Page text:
Sneddon syndrome (SS) is a rare noninflammatory systemic vascular disease that clinically presents with cerebrovascular disease and racemous livedo.1 This condition is characterized by obstructive vasculopathy of cutaneous microcirculation, which can lead to the development of painful skin ulcers.
A woman in her 50s with a history of SS of 20 years’ evolution came to the dermatology department with ulceration on both legs. The patient had a history of lacunar infarction and was taking acetylsalicylic acid for prevention of cerebral ischemic events. Skin ulcers were previously treated with systemic corticosteroids and clopidogrel with no response. Physical examination revealed the presence of ulcerations of an irregular shape 1 to 5 cm in diameter with retiform purpura in both lower limbs (Figure, A). In addition, racemous livedo was observed on almost all the body surface. Peripheral pulses in upper and lower limbs were preserved bilaterally. No signs of severe chronic venous insufficiency or palpable purpura were observed. Laboratory findings for differential diagnosis of SS were normal or negative. Dermatopathologic analysis showed presence of fibrin thrombi and wall thickening in the papillary dermis with neovascularization phenomena. No fibrinoid necrosis of the vessel wall, neutrophilic infiltrate, or leukocytoclasia was observed. A diagnosis of SS was confirmed.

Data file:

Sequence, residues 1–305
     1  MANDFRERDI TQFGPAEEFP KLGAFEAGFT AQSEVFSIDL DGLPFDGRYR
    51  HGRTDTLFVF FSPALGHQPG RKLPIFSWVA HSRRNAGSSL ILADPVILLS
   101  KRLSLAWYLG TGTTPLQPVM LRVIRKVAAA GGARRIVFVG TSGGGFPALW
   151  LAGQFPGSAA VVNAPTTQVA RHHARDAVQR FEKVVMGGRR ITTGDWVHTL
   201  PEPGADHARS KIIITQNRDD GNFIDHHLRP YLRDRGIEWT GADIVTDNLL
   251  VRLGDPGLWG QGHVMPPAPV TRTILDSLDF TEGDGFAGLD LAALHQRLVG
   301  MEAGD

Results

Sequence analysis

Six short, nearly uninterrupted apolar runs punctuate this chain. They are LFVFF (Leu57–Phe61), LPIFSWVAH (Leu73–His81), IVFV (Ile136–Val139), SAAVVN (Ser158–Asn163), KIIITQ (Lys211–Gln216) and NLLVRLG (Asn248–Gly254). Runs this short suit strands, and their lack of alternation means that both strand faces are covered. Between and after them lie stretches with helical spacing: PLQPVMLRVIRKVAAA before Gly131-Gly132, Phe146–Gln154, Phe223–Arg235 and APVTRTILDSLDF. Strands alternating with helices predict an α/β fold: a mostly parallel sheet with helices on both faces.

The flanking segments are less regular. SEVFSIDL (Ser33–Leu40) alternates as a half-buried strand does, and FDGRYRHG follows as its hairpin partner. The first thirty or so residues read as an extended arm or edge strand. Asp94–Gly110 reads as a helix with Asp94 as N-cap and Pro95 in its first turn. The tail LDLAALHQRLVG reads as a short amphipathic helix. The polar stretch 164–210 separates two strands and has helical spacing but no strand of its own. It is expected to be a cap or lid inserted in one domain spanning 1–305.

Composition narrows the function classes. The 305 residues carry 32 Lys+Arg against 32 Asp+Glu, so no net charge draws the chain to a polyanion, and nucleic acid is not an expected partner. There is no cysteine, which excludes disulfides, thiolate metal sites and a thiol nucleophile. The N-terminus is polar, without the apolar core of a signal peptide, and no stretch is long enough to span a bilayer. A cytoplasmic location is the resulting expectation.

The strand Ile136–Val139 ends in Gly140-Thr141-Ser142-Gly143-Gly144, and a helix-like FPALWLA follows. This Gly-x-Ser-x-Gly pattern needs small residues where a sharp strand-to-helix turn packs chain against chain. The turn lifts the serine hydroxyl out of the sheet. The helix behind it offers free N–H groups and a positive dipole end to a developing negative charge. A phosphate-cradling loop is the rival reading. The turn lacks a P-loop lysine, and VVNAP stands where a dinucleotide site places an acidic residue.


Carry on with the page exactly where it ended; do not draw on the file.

Collantes-Rodríguez C, Jiménez-Gallo D, Arjona-Aguilera C, Ossorio-García L, Linares-Barrios M. Treatment of Skin Ulcers Secondary to Sneddon Syndrome With Alprostadil (Prostaglandin E1). JAMA Dermatol. 2016;152(6):726-727. doi:10.1001/jamadermatol.2016.0162